Stalk lodging

Daniel Robertson, University of Idaho assistant professor of mechanical engineering, helps workers in India husk corn.

Gains to farm revenue and the world’s food supply could result from even a small reduction in “stalk lodging,” a researcher says.

Lodging refers to stems breaking, causing them to lie flat and the ground and making them difficult to harvest.

“My goal is to reduce stalk lodging by 1 percent in the U.S. in corn, which would produce an extra $2 billion worth of grain every year,” Daniel Robertson, assistant professor of mechanical engineering at the University of Idaho, said in an interview. “Stalk lodging in corn is a multi-billion-dollar problem each year in the U.S., but if you look globally at the economic cost of stalk lodging in corn, wheat and rice — two-thirds of the world’s caloric intake — it is a trillion-dollar-a-year problem.”

Robertson, with UI colleagues and researchers at the University of Kentucky and Clemson University, are working to breed plants with stronger stems as part of a recently started four-year study that aims to increase grain yields and reduce crop loss. Plant scientists, engineers and mathematicians from the universities are working on the project, funded through a $6 million Established Program to Stimulate Competitive Research grant from the National Science Foundation.

Lodging is a serious problem in most grain crops, and results in annual yield losses of around 20 percent, UI said in a news release. Causes can include high nitrogen levels, storm damage, disease and seed type.

By measuring stalk strength and using mathematical modeling, researchers are investigating the microstructure of large plant populations to predict the underlying features that cause, and may be used to overcome, stalk lodging, UI said.

Robertson and UI renewable-materials chemist Armando McDonald are studying stalk lodging in corn and sorghum in an effort to breed stronger plants, the university said. McDonald is investigating stalk cells’ chemistry and cellular mechanics, and how changing plants’ cell walls affects stalk strength and deformation. Corn geneticist Rajan Sekhon and statistician Chris McMahan at Clemson are providing research.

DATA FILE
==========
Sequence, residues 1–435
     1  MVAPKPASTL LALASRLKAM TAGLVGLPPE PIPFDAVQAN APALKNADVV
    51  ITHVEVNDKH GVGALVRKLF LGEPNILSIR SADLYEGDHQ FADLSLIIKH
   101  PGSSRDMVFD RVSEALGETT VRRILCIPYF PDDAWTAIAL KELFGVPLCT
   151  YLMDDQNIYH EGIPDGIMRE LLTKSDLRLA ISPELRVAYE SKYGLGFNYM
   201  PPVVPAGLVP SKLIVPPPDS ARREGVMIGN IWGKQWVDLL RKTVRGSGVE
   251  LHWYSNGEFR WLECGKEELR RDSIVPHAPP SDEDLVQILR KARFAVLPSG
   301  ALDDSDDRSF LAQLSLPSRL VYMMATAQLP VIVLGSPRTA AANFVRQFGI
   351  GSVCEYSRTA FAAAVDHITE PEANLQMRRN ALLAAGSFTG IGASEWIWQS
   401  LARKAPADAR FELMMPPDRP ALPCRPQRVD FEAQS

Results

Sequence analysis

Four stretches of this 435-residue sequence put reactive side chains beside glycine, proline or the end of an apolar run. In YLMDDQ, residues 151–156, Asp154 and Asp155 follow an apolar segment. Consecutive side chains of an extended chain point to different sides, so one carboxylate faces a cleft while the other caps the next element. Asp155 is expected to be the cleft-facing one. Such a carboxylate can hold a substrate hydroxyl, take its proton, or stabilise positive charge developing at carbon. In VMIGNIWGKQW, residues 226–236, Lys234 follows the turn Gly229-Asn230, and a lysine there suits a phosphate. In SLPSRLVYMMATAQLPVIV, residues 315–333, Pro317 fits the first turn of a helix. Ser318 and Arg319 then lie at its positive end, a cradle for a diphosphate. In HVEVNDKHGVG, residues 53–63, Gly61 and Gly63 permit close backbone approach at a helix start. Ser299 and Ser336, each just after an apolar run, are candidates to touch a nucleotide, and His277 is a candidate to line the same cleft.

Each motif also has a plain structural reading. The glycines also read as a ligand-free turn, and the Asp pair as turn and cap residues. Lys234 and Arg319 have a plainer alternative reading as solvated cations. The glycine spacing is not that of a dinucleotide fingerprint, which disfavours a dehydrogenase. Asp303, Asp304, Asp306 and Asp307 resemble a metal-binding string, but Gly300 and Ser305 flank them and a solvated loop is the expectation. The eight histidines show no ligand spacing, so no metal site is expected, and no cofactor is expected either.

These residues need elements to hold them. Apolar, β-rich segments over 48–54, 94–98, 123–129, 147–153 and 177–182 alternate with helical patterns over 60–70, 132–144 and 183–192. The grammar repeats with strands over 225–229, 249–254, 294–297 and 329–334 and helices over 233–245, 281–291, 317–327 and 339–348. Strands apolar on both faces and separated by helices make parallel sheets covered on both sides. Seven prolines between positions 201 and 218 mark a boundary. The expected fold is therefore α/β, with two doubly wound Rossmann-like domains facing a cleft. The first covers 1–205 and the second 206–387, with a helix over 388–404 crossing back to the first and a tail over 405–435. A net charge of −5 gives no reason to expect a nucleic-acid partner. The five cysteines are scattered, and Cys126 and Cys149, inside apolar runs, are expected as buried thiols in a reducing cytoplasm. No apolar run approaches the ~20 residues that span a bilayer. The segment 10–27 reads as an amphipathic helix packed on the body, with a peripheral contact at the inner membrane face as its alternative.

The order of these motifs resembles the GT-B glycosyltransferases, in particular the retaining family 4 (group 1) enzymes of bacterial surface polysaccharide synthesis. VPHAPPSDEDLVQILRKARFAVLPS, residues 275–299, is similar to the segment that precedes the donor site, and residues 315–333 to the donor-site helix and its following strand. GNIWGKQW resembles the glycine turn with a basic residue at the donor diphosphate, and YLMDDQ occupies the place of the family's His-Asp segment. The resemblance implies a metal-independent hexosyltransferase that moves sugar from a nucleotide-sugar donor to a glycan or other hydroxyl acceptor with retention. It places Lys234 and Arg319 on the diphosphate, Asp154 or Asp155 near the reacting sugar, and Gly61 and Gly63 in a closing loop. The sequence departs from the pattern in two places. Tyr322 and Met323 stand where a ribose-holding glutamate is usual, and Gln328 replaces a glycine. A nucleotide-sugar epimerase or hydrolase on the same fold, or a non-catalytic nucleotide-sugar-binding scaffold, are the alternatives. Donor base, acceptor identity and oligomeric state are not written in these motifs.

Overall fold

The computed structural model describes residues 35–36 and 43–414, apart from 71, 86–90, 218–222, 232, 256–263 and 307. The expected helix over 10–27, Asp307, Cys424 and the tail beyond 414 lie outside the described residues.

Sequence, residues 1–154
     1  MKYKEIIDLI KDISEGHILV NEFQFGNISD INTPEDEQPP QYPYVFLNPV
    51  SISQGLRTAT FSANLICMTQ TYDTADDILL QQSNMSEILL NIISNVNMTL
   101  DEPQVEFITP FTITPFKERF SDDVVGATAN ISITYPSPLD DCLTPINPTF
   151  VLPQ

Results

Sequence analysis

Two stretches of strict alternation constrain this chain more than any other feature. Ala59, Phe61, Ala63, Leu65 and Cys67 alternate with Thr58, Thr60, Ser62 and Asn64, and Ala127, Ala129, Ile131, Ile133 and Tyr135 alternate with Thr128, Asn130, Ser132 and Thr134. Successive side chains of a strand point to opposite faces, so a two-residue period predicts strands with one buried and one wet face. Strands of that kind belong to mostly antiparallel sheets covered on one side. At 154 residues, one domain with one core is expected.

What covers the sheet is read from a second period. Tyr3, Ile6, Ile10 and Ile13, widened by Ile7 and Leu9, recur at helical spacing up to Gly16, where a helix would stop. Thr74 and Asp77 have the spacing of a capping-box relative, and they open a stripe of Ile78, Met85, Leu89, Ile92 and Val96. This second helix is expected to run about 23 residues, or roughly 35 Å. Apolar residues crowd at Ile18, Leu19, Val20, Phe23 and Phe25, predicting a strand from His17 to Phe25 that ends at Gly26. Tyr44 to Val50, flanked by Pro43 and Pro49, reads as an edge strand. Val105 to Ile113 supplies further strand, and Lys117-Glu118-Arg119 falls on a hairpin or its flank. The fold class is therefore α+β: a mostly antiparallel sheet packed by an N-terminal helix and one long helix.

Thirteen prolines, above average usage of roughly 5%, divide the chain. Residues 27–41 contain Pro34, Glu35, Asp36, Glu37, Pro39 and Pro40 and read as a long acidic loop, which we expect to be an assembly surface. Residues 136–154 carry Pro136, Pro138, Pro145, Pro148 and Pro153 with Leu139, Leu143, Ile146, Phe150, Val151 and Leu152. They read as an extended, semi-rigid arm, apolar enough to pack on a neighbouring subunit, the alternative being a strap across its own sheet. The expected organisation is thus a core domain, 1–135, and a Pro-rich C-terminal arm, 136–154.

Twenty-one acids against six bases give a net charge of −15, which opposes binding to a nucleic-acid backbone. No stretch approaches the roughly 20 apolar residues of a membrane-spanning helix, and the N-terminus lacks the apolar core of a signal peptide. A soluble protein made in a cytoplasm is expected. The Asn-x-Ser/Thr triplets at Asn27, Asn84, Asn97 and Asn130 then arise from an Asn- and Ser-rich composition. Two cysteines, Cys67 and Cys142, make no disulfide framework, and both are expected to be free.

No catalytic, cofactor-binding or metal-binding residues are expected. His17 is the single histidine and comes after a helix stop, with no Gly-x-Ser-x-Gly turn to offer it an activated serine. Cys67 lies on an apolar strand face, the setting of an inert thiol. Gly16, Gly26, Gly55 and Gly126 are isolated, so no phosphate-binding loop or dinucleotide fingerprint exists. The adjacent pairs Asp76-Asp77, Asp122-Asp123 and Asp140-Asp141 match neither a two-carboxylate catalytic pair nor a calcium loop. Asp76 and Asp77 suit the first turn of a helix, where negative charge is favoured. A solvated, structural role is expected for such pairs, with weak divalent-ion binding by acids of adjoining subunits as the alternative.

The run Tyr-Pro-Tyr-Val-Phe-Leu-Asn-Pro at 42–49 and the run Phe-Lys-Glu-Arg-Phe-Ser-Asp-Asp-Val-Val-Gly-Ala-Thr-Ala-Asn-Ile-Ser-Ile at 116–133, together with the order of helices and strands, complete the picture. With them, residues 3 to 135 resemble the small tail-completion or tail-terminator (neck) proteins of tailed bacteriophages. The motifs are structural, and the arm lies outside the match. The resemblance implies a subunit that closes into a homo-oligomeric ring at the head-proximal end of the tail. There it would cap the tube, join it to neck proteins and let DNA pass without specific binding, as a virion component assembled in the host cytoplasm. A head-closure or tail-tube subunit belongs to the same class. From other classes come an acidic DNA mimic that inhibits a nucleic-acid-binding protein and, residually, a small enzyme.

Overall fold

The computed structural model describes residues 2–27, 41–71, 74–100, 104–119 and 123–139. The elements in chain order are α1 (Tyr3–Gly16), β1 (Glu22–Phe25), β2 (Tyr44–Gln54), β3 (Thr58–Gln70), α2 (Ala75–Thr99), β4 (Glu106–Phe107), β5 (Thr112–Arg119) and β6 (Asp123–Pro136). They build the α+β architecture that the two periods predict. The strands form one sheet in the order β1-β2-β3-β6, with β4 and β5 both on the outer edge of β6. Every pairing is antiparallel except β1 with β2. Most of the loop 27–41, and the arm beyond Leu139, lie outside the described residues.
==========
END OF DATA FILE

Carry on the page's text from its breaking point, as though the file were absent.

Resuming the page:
Lead researcher Seth DeBolt, a University of Kentucky horticulture professor, said the team is taking a bio-mechanical approach. He said that by using bio-mechanical devices Robertson has been developing to rapidly measure stalk strength in the field, researchers will determine the lodging resistance of corn and sorghum varieties and in turn use engineering, math and statistical methods to predict why certain varieties are stronger or weaker. 

They especially want to determine genetic and environmental factors that influence stalk strength. 

“So far, we have found there is a systematic weakness in the corn plant,” Robertson said in an interview. 

“If you look at corn anywhere in the world, and where it breaks when it lodges, it looks the same,” he said, breaking 3 to 5 centimeters above a node line and falling in the direction of the smaller, or minor, axis relative to the plant’s cross-section oval. “To us as engineers, that’s the equivalent of a car’s transmission always going out at 40,000 miles. You know something is wrong with the system. The plant itself has inherent structural weakness.

“Now we can start breeding programs to eliminate that structural weakness,” Robertson said. “Plant breeders need a way to measure structural weakness and quantify it so they know what to breed for."

Compared to corn, sorghum will be more challenging in that the occurrence of stalk lodging appears to be much more variety-dependent, he said.

field reporter, SW Idaho and SE Oregon

Recommended for you